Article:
Zimbabwean President Robert Mugabe, speaking in public for the first time since last month’s disputed election, Friday sharply castigated former colonial master Britain for ‘trying’ to impose neo-colonial rule in the country via the opposition.
In a lengthy independence anniversary speech, the veteran leader charged Britain, angered by his government’s controversial seizure of white-owned farms for black resettlement, was sponsoring opposition parties in Zimbabwe to topple him.
Mugabe, 84, vowed ‘never, never ever’ to allow what he called foreign-sponsored parties to come to power in the southern African country.
He is facing growing opposition and international accusations of manipulating the 29 March presidential vote, whose results have not been declared.
The opposition has claimed it won the election, and said the government was withholding the result in a bid to rig it in favour of Mugabe.
Election officials, however, said the delay in the announcement of the outcome of the poll was caused by the need to thoroughly count and verify ballots cast after allegations of irregularities were raised.
In the speech, Mugabe went historical, tracing the various stages of the black struggle against British colonial rule in Zimbabwe, ending in independence in 1980 after a bitter guerrila war which he led.
Britain, accusing Zimbabwe’s government of human rights abuses and trampling democracy, is leading a global onslaught by Western powers against Mugabe’s rule.
Earlier in the week, London, backed by the US, lobbied for the election stalemate in Zimbabwe to be discussed by the Security Council of the United Nations.
But Mugabe said it was him, through a guerilla war in the 1970s, and not Britain, who had brought democracy and human rights to Zimbabwe which London was now preaching about.
“We and not the British established democracy on the basis of one-man, one-vote and brought human rights in this country,” he said.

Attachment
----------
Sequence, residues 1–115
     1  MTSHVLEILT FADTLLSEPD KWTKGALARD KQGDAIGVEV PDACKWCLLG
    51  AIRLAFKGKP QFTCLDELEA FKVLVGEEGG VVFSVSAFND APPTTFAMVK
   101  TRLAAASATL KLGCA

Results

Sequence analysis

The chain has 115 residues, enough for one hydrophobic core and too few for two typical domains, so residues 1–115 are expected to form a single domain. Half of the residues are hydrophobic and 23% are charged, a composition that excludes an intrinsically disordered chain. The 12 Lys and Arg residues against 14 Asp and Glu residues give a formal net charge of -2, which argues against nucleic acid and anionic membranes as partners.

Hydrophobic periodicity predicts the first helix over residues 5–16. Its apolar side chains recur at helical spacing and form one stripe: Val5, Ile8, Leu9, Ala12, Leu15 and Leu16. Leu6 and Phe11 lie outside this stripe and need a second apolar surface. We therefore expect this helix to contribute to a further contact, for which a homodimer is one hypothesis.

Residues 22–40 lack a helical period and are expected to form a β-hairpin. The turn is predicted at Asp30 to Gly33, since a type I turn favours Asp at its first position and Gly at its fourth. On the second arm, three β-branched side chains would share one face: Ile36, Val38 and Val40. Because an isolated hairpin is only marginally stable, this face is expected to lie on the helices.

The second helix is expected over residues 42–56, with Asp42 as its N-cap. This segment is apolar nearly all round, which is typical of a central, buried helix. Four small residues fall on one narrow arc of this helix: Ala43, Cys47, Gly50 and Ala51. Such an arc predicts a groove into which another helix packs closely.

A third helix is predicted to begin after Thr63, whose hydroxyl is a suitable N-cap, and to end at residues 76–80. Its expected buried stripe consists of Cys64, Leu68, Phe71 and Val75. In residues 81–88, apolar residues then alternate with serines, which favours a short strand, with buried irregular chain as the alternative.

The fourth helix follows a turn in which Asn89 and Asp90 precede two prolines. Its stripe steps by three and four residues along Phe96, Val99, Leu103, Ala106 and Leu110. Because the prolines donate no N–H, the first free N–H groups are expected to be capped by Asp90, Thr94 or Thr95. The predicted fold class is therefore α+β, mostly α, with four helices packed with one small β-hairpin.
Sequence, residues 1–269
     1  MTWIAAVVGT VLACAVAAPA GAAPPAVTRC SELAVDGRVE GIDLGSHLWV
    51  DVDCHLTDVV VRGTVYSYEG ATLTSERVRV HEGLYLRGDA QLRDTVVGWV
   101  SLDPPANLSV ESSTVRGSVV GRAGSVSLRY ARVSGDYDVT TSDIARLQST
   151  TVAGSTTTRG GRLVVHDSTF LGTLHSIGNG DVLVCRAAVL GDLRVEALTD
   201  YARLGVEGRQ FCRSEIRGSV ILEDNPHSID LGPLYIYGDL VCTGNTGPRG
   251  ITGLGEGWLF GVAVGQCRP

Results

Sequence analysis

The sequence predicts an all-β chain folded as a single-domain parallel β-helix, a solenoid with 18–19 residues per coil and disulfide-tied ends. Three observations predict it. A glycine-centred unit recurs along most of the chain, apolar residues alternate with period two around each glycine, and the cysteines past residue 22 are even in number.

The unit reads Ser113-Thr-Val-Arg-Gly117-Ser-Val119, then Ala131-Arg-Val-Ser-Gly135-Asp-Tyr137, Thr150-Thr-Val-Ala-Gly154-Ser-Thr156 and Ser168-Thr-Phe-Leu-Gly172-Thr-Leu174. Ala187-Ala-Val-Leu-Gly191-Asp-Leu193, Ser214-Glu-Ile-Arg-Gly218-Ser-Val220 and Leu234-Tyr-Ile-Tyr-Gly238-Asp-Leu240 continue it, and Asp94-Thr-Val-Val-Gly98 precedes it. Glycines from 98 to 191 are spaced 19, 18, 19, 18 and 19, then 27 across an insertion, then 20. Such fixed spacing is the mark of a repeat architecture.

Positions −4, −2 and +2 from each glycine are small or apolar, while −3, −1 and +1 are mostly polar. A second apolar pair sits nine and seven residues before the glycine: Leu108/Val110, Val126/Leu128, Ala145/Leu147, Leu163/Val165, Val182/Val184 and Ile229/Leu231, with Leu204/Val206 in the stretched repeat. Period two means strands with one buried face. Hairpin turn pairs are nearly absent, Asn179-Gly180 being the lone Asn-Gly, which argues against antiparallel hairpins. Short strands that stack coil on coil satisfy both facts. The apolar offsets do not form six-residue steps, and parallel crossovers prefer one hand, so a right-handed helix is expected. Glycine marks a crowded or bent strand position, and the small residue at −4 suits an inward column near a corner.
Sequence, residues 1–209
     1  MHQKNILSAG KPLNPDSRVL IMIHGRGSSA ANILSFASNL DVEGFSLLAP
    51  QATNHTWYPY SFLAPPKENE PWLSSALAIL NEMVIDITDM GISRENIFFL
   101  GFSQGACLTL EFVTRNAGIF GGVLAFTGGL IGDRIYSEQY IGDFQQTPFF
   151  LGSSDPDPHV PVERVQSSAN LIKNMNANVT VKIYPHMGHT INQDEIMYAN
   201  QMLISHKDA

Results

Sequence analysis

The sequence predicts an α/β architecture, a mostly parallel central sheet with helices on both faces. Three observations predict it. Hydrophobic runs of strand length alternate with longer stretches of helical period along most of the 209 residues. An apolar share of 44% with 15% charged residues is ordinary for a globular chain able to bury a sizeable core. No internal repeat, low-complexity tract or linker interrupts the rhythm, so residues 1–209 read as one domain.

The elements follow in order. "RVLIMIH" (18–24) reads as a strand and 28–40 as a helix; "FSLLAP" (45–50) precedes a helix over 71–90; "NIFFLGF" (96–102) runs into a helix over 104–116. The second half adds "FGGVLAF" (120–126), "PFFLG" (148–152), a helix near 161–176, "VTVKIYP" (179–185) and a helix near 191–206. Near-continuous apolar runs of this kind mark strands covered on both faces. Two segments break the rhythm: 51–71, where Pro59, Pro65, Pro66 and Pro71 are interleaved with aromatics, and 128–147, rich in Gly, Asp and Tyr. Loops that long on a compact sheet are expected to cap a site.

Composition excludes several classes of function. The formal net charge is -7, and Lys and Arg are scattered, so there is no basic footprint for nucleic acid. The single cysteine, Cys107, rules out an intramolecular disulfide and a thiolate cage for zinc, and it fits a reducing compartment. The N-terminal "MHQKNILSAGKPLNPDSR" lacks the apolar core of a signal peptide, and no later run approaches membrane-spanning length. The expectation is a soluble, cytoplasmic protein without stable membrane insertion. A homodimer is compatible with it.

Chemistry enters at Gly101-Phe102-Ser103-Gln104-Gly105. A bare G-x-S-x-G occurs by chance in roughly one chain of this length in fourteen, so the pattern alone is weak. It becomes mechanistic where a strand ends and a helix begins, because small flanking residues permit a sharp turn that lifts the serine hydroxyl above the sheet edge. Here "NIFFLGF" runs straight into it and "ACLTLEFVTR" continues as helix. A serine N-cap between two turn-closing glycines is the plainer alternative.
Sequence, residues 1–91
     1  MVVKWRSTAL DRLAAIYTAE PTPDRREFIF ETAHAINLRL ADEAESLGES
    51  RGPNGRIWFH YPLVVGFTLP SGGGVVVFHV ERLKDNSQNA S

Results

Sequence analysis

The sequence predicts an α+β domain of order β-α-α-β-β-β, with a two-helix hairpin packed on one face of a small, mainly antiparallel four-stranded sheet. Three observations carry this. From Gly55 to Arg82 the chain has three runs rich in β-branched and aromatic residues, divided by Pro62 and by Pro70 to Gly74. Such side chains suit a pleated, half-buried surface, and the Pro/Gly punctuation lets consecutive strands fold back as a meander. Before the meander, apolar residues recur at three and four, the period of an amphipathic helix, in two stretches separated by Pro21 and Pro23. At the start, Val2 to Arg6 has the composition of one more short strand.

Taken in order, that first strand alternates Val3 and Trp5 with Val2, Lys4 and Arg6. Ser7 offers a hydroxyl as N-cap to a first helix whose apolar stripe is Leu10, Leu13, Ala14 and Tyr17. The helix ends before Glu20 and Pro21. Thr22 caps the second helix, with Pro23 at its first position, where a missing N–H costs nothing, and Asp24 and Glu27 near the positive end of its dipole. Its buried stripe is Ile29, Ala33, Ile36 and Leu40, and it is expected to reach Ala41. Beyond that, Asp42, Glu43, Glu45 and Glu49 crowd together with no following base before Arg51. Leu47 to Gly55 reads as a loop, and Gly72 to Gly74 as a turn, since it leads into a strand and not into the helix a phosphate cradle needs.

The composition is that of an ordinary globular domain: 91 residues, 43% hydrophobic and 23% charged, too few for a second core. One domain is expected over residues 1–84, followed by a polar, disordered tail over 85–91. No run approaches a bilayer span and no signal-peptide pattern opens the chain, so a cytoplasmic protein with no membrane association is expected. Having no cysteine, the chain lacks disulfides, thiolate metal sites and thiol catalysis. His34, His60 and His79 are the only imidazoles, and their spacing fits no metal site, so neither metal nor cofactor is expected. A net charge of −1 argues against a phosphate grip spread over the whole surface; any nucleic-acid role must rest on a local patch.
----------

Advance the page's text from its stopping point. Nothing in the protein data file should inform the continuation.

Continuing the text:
“There was no democracy (before independence) which the British are talking about. We brought it through the gun,” said Mugabe in a fiery speech at Gwanzura stadium in the capital Harare.
He accused Britain of funding opposition parties in Zimbabwe to topple him, but vowed: “This will never happen in this country.”
He said it was a shame that, given the country’s bitter struggle against colonial rule, some politicians were willing to be ‘bought’ and ‘used’ by Britain in her bid to reverse farm seizures.
“What a shame that you are accepting to be bought so cheaply when we have a painful colonial history which should teach us otherwise,” said Mugabe.
“Things will never, never change that they (white farmers) can come back and re-claim our land. Never ever shall we reverse that. Forward ever, backward never,” he said.
Mugabe paid tribute to regional countries for supporting his government against British-led western criticism, singling out South African President Thabo Mbeki.
The South African leader is a mediator between the government and opposition in Zimbabwe, and this week strongly resisted British efforts at the UN to have Harare on the agenda of the Security Council meeting.
Mugabe did not mention the election stalemate, which this week prompted the opposition to call for an indefinite general strike to press for the release of the poll results.
Political tension is high in the country over the results, with the opposition calling Mugabe’s continued stay in power ‘illegitimate.’
On the other hand, the government is accusing the main opposition party of courting western military intervention, which it described as treason.